Competitors Try Curbing China Mobile’s 4G Urge

The wireless Internet technology race is intensifying a longstanding rivalry between China’s largest mobile phone operator, China Mobile, and its smaller competitors China Telecom and China Unicom.

Since 2011, China Mobile customers in fifteen cities nationwide have been accessing the Internet through the telecom’s exclusive high-speed 4G application network called TD-LTE. It’s a trial service the telecom hopes to expand nationwide after winning a government license, probably by the end of the year.

If China Unicom and China Telecom executives get their way, mobile phone customers outside these trial zones will not be surfing the Internet via their larger competitor’s 4G technology anytime soon.

China Telecom, for example, is reticent to bow to the market forces that would push the company to offer 4G services like China Mobile. The reason is financial: China Telecom, a company source told Caixin, wants to extend 3G’s lifespan as long as possible because it has yet to recover the more than 100 billion yuan invested in slower-speed 3G technology since 2007 for its customers.

China Unicom, meanwhile, is posing a separate challenge to China Mobile’s objectives by choosing not to use TD-LTE—a technology wholly developed in and for China—but rather build its own Internet access system based on a 4G technology adopted by U.S. and European telecoms called FDD LTE.

From a regulatory perspective, and although each company is state-owned, China Mobile appears to have the upper hand. Neither China Telecom nor China Unicom appear ready to climb aboard the TD-LTE bandwagon, but neither are they standing in the way of the licensing process, nor what their executives consider an inevitable march toward nationwide 4G services.

Caixin learned from sources at the Ministry of Industry and Information Technology (MIIT) that the government plans to issue 4G network licenses to telecoms with TD-LTE before starting the licensing process for telecoms with FDD LTE. The second licensing period could follow the first by several months or even a year.

And in March, MIIT Minister Miao Wei said the government might issue 4G licenses by the end of the year.

The government’s goal, the sources said, is to encourage telecoms to adopt TD-LTE.

Shifting Shares

China Mobile needs a license to step beyond trial operations and launch full commercial 4G services. It’s betting on success by investing heavily in network infrastructure.

China Mobile Chairman Xi Guohua told the media at the sidelines of the National People’s Congress in March the company plans to install 200,000 base stations for 4G services in one hundred cities nationwide, covering about 500 million people. The company also plans to buy about 100 million 4G-ready smartphones for customers who sign up for its service plans.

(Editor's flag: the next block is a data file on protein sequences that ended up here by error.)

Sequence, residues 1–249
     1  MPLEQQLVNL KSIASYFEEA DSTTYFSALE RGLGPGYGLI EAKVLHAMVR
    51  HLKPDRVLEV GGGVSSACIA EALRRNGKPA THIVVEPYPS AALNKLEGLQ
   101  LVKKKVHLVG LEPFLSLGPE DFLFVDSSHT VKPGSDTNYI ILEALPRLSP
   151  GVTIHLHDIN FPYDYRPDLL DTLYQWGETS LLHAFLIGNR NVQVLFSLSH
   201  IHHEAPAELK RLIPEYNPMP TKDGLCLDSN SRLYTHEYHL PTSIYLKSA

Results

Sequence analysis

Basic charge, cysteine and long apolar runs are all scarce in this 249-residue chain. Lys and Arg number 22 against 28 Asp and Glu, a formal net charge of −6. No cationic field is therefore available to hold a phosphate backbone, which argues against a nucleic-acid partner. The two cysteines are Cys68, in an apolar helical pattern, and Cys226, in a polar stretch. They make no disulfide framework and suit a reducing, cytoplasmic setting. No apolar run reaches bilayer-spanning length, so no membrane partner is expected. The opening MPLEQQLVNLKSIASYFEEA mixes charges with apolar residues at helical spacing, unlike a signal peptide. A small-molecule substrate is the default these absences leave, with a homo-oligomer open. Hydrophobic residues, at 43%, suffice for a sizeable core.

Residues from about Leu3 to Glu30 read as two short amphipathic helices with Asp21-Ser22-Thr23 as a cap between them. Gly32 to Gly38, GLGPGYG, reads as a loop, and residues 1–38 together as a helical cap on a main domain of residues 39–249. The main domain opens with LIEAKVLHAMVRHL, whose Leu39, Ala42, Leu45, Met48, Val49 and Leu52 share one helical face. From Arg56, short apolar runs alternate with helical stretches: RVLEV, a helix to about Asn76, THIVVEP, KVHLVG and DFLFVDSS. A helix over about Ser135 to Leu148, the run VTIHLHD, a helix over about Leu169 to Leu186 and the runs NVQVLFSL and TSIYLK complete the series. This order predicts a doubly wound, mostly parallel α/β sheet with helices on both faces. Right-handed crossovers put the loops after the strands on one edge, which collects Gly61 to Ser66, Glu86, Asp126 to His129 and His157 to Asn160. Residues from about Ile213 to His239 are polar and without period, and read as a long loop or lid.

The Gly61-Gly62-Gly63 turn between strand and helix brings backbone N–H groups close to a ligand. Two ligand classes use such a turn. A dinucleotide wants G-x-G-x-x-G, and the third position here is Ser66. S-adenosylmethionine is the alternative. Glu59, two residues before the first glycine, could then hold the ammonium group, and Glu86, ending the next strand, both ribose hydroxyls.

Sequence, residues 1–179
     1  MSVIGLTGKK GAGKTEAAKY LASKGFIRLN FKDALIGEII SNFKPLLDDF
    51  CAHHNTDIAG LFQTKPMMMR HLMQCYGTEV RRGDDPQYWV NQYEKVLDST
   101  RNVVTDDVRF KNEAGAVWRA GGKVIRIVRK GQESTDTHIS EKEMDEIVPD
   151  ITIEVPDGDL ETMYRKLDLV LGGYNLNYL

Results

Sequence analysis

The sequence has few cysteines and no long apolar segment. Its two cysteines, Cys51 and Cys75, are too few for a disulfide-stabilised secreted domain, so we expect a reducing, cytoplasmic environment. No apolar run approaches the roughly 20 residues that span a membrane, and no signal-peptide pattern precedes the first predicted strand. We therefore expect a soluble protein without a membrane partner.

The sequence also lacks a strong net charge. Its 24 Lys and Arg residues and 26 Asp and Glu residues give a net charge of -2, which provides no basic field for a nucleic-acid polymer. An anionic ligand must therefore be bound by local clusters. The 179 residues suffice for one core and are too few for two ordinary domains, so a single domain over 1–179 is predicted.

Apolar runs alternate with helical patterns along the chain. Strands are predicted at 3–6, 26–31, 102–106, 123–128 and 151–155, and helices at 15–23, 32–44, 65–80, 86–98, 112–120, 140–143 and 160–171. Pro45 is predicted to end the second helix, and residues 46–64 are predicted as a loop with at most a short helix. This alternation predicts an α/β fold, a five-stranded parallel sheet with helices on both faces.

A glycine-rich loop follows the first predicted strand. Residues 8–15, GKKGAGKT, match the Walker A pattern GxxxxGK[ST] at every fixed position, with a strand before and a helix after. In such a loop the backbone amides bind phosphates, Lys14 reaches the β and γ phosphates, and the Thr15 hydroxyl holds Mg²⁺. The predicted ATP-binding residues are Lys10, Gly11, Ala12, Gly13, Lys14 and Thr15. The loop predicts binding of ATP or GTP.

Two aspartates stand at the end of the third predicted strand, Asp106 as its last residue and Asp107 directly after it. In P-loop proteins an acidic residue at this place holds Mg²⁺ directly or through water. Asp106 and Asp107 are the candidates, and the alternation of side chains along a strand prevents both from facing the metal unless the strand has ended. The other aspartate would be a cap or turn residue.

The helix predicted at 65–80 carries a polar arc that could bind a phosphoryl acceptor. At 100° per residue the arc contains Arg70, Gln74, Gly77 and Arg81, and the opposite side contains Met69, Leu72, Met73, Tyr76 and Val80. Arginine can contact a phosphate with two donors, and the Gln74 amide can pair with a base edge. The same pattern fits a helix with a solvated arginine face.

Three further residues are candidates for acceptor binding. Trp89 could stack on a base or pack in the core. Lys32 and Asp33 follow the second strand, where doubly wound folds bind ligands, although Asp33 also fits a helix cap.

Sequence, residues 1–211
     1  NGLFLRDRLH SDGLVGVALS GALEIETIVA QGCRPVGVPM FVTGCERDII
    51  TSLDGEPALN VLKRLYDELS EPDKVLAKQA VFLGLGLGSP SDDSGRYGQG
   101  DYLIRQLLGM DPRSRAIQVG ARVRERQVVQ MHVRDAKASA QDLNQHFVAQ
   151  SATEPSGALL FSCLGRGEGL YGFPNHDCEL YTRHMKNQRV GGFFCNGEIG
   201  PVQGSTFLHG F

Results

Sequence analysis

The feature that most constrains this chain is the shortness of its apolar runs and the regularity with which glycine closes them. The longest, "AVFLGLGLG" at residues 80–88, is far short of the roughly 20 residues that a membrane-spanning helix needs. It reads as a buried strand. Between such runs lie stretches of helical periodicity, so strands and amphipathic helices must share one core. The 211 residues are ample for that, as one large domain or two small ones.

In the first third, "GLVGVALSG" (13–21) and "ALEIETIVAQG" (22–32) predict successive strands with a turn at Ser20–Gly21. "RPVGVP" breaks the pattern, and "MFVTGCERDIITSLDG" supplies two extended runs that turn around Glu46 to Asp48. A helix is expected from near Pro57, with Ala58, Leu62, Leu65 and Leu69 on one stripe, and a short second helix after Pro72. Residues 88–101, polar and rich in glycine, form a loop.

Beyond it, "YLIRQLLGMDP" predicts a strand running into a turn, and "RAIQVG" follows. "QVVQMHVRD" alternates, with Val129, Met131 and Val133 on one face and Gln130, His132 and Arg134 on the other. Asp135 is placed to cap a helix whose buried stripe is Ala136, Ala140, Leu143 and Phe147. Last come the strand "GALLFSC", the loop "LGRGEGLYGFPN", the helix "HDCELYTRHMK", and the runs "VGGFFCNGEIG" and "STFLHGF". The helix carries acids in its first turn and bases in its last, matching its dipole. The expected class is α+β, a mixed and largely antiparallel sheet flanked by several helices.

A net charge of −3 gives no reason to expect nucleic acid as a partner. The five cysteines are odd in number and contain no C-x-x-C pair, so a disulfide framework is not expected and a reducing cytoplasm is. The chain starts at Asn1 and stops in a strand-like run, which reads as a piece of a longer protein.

In the years since rolling out 3G services in 2009—after an eight-year commercialization process—China Mobile has slipped in the race for customers who need Internet access on mobile phones.

The company’s share of the 3G market in China fell to 63 percent in March from 72 percent, or 522 million customers, in 2009. Over the same period, China Unicom’s market share grew to about 21 percent and China Telecom’s expanded to 15 percent, from a respective 20 percent and 8 percent.

At least some of the blame for China Mobile’s slide can be pinned on its snail-like 3G technology called TD-SCDMA, which limits Internet download speeds to no more than 2.8 Mbps.

The WCDMA technology for 3G used by China Unicom, however, can reach 21 Mbps, while China Telecom’s CDMA2000 technology averages 3.1 Mbps nationwide and 9.3 Mbps in some parts of the country.

China Mobile also lost a considerable number of high-end users to its rivals, whose nationwide coverage is better.

In the early days of 3G, none of the telecoms offered high-speed services. But China Mobile’s rivals quickly accelerated speeds for their customers as the electronics industry responded to international demand for WCDMA and CDMA2000 equipment. Indeed, in some countries WCDMA technology has been giving 3G customers a nearly 4G experience with download speeds of 80 Mbps.

Standards set by an international trade association require that 4G systems provide upload speeds of at least 50 Mbps for uploads, and 100 Mbps for downloads.

China Unicom’s WCDMA technology is more mature and successful than its rivals, which helps explain the company’s cool reaction to 4G licensing. A company source said a major 3G network investment spree that started in 2008 has paid off with customer-satisfying high-speed services, and that maintaining the network costs no more than 10 billion yuan a year.

Indeed by early 2014, the source said, China Unicom’s 3G network is expected to achieve data transfer speeds of 84 Mbps and thus rival China Mobile’s expected 4G network.

Three Chinese electronics companies—Datang, ZTE, and Huawei—have been manufacturing 3G equipment compatible with China Mobile’s TD-SCDMA standard. Only a few non-Chinese manufacturers such as Ericsson and Alcatel-Lucent have built equipment based on TD-SCDMA.